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Steward Health files for Chapter 11

Illustration of a frowny face with "11" as the eyes.

Illustration: Shoshana Gordon/Axios

Troubled hospital chain Steward Health Care officially filed for Chapter 11 bankruptcy as it finalizes a rescue loan with Medical Properties Trust.

Why it's the BFD: While not unexpected, Steward's implosion will draw more heat to private equity's involvement in health care.

Zoom in: Dallas-based Steward, which filed in the Southern District Court of Texas, is finalizing the terms of a $75 million loan from MPT, the company that bought its Massachusetts hospitals in 2016.

  • Steward will get $225 million more if it meets unspecified conditions acceptable to MPT.
  • Its bankruptcy filing lists 30 creditors owed more than $500 million, including the U.S. government, which is owed more than $32 million in reimbursements for insurance overpayments.

Catch up quick: The operator of nine hospitals throughout Massachusetts has been struggling with liquidity and stopped paying vendors, per reports from earlier this year.

  • Massachusetts Gov. Maura Healey and House Speaker Ron Mariano in February called for Steward to reveal finances, sell its hospitals and leave Massachusetts entirely.

What we're watching: UnitedHealth subsidiary Optum was planning to buy Steward's physician network Stewardship Health — to the chagrin of Massachusetts legislators, many of whom expressed concerns.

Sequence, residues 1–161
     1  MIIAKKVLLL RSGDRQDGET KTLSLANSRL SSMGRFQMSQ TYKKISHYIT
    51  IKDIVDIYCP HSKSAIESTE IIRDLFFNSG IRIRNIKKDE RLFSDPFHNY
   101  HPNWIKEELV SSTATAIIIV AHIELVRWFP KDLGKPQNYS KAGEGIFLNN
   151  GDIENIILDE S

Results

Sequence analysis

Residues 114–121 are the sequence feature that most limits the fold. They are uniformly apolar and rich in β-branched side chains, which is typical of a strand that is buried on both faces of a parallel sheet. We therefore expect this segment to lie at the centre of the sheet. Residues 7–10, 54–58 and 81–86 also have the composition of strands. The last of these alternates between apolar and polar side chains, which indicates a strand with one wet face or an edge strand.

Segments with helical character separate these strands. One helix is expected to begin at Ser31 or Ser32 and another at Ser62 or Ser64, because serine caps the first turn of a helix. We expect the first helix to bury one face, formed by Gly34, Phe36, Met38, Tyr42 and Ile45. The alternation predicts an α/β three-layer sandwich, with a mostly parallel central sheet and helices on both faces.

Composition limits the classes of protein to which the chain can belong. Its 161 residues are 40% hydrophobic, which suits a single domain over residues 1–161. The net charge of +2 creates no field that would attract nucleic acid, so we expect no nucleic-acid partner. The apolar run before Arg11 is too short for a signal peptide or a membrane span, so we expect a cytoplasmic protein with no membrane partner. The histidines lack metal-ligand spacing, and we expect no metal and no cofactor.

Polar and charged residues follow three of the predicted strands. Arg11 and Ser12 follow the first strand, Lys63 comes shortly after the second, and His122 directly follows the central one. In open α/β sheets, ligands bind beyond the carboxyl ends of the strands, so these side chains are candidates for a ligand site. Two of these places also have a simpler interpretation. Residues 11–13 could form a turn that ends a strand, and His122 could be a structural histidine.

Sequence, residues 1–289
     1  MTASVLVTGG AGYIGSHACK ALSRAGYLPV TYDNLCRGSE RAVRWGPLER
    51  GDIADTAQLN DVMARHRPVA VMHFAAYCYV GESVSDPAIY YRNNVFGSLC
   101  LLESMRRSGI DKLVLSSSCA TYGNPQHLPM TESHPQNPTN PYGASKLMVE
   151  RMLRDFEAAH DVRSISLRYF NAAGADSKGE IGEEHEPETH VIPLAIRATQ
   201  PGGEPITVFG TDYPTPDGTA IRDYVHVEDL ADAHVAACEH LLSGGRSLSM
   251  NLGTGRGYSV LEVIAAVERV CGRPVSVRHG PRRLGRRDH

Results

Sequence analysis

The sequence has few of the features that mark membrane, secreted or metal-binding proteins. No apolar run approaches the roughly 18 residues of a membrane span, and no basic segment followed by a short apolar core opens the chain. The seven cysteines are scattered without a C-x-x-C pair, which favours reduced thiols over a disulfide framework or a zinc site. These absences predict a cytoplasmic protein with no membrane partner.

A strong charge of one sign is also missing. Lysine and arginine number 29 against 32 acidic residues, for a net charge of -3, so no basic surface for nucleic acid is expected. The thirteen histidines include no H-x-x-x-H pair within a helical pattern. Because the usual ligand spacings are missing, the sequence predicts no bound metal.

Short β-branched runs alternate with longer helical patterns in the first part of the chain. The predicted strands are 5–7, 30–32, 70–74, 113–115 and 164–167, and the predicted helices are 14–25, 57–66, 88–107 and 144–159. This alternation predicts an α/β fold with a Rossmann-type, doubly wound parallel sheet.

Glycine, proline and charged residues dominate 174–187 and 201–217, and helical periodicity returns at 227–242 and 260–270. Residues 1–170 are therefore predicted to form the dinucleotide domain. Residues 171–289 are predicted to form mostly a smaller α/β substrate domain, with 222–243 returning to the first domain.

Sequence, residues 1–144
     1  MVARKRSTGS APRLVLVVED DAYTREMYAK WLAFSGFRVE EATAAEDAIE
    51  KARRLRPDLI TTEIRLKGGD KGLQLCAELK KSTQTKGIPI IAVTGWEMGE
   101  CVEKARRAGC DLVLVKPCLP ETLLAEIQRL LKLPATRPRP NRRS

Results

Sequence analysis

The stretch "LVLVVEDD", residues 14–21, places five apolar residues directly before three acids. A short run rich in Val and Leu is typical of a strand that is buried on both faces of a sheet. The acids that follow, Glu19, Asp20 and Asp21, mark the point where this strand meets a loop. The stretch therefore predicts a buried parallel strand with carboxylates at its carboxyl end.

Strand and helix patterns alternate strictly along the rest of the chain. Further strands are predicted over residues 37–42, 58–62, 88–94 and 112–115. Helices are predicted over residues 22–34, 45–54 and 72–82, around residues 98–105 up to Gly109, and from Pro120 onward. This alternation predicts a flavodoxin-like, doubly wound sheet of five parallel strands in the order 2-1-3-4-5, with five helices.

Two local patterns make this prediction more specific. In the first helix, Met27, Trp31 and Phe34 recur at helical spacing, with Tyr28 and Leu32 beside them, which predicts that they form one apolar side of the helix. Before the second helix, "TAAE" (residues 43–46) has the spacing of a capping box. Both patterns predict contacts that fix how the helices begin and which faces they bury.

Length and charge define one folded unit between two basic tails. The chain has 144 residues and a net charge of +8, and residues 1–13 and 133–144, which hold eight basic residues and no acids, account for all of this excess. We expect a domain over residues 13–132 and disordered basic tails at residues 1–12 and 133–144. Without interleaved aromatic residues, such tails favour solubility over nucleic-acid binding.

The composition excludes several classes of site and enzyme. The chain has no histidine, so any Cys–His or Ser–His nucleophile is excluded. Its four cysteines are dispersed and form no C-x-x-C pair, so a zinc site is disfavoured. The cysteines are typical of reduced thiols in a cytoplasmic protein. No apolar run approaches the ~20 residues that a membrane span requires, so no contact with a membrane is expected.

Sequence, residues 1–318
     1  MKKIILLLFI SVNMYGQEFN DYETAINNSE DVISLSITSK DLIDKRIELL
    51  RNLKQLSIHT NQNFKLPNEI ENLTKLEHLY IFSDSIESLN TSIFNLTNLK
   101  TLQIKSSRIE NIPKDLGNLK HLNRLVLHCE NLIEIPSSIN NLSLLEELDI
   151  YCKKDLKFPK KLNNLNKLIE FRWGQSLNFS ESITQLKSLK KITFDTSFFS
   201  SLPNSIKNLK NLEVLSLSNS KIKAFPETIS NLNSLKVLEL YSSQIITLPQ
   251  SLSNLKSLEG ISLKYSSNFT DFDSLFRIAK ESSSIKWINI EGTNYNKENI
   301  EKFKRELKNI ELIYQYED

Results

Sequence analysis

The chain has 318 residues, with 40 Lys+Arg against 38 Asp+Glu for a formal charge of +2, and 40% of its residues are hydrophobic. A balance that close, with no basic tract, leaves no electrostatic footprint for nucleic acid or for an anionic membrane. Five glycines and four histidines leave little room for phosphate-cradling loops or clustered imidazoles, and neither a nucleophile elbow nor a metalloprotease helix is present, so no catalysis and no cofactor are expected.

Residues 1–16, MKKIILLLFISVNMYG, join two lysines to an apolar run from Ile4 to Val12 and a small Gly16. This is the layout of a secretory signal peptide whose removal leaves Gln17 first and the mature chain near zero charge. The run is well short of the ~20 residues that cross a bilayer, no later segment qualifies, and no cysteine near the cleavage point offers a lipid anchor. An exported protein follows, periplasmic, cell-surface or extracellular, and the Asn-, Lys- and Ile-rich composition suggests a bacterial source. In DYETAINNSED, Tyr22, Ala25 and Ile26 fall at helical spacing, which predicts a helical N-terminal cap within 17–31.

• Steward did not immediately respond to Axios' request for comment. UnitedHealth declined to comment.

Flashback: Cerberus Capital Management bought Steward in 2010, embarking on an acquisition spree that eventually made Steward the country's largest private for-profit hospital chain.

  • In 2014, it closed one of the Massachusetts hospitals it had acquired, despite having pledged not to do so for at least 10 years after the acquisition, as part of the state regulatory approval process.
  • Cerberus began to exit in 2020, agreeing to sell control in Steward to the hospitals' physicians in exchange for an interest-paying note. The physicians soon borrowed $335 million from MPT to buy back the note.

The big picture: Sen. Ed Markey (D-Mass.) used Steward as a springboard for a new bill calling for increased transparency around private equity investment in health care services companies.

  • State regulators are also getting increasingly stringent on merger notification requirements for health care deals involving private equity.

Yes, but: While Markey's ambitious draft Senate bill is drawing attention, provisions like granting HHS increased deal oversight are not likely to be popular with Republican lawmakers.

The bottom line: Regulators didn't need more ammunition against private equity in health care, but this latest development is another strike against the industries' involvement in health care and hospitals.

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